Well hello there, good friends! It is that time of year again; where a young man’s thoughts turn to trimming the Christmas tree and import video games!
Ever since this blog started 4 years ago I have been getting a lot of Famicom related stuff in the month of December, culminating in last year’s epic 12 Days of Famicom feature. I have gotten so much Famicom love around X-Mas time, such as my Gold cart Punch Out cart, my first Twin Famicom, my Super Famicom Box that I automatically associate the yule season with Nintendo’s 8-bit Japanese wonder.
As is custom, I am showcasing a cool piece of Famicom shwag in the name of eggnog, stockings, candy canes and Die Hard.
This year will however be somewhat less epic compared with years past, mostly due to time constraints and such. In my mind, however, it will be no less rad, because- I finally found a boxed Family Computer 3D System!
I found it at such a crazy good price, too. Get this- I only paid $45.00 bucks plus $10 shipping for my set, winning a frantic last-second bidding war. $45 is far lower than the $90 – $120 BIN this set normally goes for on Ebay. The lesson? Buy-It-Now is evil 90% of the time.
The Family Computer 3D System was released in 1987 by Nintendo for use with the Famicom console. The 3D System consists of a liquid crystal shutter visor and the special adaptor which can connect up to two visor units into the Famicom’s front-facing 15-pin expansion port through a 3.5mm (headphone style) jack.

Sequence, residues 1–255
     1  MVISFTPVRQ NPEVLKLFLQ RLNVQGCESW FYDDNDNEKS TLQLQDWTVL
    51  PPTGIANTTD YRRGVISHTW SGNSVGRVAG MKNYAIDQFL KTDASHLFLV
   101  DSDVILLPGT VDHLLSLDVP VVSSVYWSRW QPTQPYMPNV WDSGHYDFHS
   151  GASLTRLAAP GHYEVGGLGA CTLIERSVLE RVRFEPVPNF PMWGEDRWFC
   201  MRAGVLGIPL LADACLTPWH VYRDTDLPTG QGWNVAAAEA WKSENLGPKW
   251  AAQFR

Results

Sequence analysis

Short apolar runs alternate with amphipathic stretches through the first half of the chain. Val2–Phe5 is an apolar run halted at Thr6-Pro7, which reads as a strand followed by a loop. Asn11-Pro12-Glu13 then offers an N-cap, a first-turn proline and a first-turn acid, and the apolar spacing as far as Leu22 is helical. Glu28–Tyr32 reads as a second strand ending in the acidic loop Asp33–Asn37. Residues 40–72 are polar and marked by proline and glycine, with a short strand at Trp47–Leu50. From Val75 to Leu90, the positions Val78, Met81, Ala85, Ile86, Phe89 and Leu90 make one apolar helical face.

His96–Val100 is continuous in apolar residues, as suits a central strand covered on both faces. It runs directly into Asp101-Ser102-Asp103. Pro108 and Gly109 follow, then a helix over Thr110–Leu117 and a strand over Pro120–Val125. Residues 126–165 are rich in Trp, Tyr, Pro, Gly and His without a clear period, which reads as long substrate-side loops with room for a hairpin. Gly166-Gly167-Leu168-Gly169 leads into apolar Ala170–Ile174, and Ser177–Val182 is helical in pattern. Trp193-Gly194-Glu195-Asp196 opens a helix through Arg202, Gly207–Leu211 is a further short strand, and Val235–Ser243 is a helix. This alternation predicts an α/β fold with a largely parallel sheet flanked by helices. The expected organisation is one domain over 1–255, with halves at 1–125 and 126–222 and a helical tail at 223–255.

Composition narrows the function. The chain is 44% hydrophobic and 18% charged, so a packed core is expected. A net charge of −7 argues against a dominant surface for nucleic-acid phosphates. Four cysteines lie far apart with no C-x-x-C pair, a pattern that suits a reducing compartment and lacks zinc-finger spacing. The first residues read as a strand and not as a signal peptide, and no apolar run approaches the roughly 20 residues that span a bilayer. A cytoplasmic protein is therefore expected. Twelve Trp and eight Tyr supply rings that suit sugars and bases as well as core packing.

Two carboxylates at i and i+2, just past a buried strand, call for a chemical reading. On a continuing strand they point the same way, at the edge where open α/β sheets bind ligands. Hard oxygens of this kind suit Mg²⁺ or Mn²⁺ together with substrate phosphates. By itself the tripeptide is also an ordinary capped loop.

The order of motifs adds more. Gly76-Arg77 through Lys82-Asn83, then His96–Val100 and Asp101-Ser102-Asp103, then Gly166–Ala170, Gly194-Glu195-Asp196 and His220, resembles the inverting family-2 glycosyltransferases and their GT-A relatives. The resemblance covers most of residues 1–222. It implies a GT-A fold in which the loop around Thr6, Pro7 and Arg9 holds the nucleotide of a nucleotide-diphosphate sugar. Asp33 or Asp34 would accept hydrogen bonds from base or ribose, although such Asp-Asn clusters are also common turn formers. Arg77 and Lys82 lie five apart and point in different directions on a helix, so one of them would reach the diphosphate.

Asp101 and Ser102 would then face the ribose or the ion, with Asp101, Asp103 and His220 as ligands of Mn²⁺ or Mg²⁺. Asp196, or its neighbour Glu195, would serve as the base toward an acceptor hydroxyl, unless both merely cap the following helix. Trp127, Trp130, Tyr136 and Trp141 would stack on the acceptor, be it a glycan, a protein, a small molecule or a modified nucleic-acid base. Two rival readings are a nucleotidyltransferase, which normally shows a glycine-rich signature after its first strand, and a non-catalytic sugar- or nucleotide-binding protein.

In total, only 7 games were released for the 3D System, including Nintendo’s sequel to Famicom Grand Prix, 3D Hot Rally, Konami’s shooter Falsion, and Highway Star. Curiously, when Highway Star made it over to North America it’s name was changed to Rad Racer, but it came with 3D glasses and the 3D mode could activated by pushing the NES’s select button.
All but one of the Famicom released 3D games had 3D toggle feature. With the exception of Falsion, all games could be played in normal 2D and switched to 3D at anytime.
The 3D effect itself was created by rapidly alternating the opaqueness of the left and right lenses in tandem with corresponding flashing images from the TV screen to create a stereoscopic 3D effect and therefore the illusion of depth. The glassed worked in the same manner as the more well known (and internationally released) Sega Master System 3d Glasses.
Unfortunately Nintendo never released the Famicom 3D System and the hardware was pretty much abandoned shortly after it was released. Another unfortunate note; I actually do not own any of the 3D games. They tend to go for a pretty penny and I am just waiting to snap a couple up at the right price.
I am pretty excited to check this thing out, but alas I must wait. I have a ton of stuff to show you guys, starting with an update in my quest to collect all of the Zelda games complete in box. Check back for that as well as the Christmas round-up, and year end retrospective.